In a world where cities are shrinking and exploding, impoverishing and getting richer, excluding new citizens, dismissing buildings and surfaces, creating spaces full of contradictions and conflicts, cities authorities are not able to govern the on going processes as they have always done. In order to define a new model of urban and local governance, it’s necessary to change the paradigm, to explore new theories, policies and development models. It’s time to create a new institutional and economic system based on the model of collaborative/polycentric urban/local governance in which citizens, the community, local businesses, knowledge institutions, civil society organizations take care of and manage the commons together with public institutions (Iaione, 2013).

The new trends in global urban theory and policy go towards new collaborative ways to manage the urban space and the common/collective goods. The LABoratory for the GOVernance of Commons – LabGov  was founded in 2011 at LUISS Guido Carli University in Rome (through the Department of Political Science and the International Center on Democracy and Democratization).

The intent is to build an educational and research platform able to train a brand-new breed of professionals, scholars, practitioners, experts in the governance of commons, young women and men able to create forms of partnerships between citizens, NGOs, public administrations, knowledge institutions and local business fostering the smart specialization of urban and local communities. In ever changing urban contexts worldwide, LabGov is based upon the idea that only an experimental approach could be propaedeutic to the construction of new instruments of collaborative/polycentric governance.

The students are trained through practical experience on the field: innovation can be achieved only through practical experience. Today innovation consists on the renewal of the role of public authorities and other traditional actors (civil society organizations, businesses, schools, universities) by leveraging the collective, civic intelligence. New instruments can be found in existing rules useful to design and build collaborative institutional circuits in order to achieve new urban and territorial transformation processes. The education process is structured in workshops, interactive co-working sessions and fieldworks.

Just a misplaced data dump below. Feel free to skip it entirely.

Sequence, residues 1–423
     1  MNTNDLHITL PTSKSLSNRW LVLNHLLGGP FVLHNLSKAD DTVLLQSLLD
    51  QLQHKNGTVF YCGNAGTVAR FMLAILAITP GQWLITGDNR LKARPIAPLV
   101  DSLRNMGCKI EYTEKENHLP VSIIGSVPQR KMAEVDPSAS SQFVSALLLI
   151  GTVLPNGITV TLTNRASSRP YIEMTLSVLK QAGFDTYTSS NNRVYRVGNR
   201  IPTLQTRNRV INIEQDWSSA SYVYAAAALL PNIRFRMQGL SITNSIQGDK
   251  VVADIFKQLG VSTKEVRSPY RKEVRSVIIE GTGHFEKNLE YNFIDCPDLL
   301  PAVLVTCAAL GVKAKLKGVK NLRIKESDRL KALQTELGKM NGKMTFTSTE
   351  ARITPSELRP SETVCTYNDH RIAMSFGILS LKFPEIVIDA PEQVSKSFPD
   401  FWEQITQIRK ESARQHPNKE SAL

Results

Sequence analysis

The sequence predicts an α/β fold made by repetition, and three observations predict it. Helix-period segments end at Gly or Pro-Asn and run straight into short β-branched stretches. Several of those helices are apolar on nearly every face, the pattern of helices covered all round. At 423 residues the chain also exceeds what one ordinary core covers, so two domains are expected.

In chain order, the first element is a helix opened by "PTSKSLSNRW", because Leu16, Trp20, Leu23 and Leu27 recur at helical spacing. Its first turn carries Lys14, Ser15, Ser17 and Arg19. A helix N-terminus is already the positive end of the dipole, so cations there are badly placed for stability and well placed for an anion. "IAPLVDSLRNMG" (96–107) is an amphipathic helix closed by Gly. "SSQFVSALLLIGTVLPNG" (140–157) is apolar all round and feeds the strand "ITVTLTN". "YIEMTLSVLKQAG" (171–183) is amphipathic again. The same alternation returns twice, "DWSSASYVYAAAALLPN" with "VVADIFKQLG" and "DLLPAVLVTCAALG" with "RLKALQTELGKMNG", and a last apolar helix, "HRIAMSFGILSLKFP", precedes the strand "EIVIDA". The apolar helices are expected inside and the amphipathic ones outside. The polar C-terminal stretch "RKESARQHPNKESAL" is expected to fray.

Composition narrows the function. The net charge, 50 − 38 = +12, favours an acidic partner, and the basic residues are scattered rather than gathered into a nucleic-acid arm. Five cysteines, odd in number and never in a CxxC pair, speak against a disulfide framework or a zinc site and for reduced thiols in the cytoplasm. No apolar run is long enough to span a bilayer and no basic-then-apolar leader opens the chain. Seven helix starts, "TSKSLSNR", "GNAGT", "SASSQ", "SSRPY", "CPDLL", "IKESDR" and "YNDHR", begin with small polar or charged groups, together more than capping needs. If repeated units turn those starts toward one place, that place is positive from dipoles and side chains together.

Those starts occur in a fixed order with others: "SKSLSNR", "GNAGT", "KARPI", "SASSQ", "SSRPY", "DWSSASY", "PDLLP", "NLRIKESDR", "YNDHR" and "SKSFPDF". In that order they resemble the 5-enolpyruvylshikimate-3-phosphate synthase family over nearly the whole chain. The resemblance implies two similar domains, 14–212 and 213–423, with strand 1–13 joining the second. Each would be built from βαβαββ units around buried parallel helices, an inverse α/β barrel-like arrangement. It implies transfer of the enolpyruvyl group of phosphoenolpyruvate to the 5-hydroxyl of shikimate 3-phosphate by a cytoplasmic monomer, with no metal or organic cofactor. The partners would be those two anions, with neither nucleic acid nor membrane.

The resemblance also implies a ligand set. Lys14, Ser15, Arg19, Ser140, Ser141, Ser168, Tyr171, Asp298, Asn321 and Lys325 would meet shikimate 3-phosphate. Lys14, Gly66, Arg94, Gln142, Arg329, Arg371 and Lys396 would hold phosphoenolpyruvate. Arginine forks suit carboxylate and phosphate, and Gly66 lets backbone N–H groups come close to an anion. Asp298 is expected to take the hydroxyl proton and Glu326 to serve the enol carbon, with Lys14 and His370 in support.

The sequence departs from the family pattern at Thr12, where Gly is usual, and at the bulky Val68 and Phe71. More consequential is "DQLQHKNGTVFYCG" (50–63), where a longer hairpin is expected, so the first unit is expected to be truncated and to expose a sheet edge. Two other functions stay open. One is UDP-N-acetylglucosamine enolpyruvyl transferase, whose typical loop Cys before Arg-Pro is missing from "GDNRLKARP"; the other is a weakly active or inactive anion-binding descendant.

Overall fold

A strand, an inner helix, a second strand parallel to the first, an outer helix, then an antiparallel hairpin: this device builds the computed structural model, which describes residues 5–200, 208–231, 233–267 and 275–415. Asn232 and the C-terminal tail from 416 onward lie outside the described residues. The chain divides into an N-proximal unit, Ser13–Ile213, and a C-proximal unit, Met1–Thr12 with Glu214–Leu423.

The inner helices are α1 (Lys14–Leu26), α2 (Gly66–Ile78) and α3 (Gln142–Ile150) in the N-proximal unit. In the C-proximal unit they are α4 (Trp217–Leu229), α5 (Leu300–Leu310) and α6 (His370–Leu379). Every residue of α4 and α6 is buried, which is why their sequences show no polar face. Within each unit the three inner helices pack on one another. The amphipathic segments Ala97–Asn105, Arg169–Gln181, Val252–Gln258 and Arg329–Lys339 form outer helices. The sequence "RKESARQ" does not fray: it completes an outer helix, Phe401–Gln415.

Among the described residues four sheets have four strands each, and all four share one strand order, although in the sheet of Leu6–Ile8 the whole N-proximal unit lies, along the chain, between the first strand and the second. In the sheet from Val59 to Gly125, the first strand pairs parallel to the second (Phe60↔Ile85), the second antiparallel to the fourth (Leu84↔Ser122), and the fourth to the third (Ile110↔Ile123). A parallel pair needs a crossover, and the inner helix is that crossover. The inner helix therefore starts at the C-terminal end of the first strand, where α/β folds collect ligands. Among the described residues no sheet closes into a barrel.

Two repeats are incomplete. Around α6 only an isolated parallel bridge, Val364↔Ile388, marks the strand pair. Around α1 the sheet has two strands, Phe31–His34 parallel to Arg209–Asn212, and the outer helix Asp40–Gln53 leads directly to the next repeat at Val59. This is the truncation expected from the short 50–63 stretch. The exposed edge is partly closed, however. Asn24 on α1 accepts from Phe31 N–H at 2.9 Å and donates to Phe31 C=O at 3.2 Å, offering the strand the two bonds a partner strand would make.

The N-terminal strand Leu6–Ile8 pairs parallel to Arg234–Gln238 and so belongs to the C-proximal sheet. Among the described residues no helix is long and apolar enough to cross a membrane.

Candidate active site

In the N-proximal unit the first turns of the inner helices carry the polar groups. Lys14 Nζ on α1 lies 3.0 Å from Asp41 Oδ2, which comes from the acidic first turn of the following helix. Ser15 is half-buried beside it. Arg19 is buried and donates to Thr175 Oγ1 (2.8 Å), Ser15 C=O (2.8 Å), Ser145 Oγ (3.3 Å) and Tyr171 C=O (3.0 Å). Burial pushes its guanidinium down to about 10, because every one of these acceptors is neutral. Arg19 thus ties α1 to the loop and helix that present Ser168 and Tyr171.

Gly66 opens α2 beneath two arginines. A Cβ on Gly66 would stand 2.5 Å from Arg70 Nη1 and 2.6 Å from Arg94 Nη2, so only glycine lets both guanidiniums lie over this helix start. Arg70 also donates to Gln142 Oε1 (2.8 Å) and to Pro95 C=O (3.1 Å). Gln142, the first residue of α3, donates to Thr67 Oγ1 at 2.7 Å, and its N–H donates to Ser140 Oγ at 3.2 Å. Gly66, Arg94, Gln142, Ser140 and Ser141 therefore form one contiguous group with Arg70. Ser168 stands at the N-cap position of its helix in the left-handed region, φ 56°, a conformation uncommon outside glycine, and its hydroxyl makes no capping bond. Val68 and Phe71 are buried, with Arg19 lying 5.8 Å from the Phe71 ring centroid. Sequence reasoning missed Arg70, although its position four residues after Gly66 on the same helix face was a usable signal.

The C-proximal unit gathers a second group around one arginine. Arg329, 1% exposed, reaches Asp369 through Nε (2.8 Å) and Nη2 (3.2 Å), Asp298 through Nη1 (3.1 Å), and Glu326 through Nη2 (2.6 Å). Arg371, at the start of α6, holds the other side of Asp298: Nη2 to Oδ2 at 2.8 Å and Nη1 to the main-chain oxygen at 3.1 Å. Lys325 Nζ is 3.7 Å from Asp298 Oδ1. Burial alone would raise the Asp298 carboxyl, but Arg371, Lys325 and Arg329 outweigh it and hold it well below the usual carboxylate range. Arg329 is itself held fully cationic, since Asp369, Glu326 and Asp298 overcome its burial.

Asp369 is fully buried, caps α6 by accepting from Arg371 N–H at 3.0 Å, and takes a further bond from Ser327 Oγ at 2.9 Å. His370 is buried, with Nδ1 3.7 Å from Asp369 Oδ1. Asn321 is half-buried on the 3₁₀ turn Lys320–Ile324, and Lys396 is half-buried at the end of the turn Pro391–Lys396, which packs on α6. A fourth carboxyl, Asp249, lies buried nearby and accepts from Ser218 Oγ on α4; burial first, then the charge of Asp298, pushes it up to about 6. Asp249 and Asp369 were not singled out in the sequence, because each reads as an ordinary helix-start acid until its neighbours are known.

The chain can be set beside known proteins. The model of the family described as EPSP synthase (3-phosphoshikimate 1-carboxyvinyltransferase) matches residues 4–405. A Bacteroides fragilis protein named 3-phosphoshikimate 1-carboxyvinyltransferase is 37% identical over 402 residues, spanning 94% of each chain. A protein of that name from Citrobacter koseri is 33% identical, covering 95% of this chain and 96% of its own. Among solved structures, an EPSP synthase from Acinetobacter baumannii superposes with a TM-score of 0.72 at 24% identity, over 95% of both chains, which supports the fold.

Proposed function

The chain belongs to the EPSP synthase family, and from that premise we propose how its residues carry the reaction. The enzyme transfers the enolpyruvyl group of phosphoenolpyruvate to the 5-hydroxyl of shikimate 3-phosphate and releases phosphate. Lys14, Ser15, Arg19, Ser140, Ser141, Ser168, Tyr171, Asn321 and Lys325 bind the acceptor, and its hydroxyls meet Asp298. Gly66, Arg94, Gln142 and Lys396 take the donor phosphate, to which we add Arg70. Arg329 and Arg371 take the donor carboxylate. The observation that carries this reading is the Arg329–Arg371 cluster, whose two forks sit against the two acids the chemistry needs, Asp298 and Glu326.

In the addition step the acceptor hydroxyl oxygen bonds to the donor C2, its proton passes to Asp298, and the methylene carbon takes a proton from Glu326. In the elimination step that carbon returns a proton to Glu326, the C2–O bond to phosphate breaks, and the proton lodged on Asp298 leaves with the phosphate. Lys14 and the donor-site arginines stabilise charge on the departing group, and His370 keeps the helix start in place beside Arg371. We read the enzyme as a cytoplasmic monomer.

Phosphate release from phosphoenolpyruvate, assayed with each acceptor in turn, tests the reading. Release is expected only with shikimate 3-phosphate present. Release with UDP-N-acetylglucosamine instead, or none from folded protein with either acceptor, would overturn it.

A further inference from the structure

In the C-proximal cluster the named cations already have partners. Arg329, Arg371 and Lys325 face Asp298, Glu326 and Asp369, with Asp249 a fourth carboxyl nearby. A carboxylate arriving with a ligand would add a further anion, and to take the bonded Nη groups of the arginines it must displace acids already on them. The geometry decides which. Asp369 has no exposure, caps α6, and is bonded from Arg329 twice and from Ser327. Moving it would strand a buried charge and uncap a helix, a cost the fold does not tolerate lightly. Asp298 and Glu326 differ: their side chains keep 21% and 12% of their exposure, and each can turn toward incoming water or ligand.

The implementation of this model requires specific inter-disciplinary competences that are exactly those that LabGov aims at creating. LabGov is based upon the idea that for urban, social and institutional regeneration it is necessary to create collaborative relationships between citizens, administrations and business to share the scarce resources in their individual availability to take care of the commons, tangible or intangible, of urban and local communities. LabGov, a place of experimentation in all respects, is actually working on groundbreaking commons governance experimental projects in several Italian cities (e.g. Rome, Bologna, Mantova, Palermo and Battipaglia) and at the European level.

The International Association for the Study of the Commons (IASC) is a nonprofit Association devoted to understanding and improving institutions for the management of resources that are (or could be) held or used collectively by communities in developing or developed countries. IASC’s goals are to encourage exchange of knowledge among diverse disciplines, areas, and resource types; to foster mutual exchange of scholarship and practical experience; and to promote appropriate institutional design.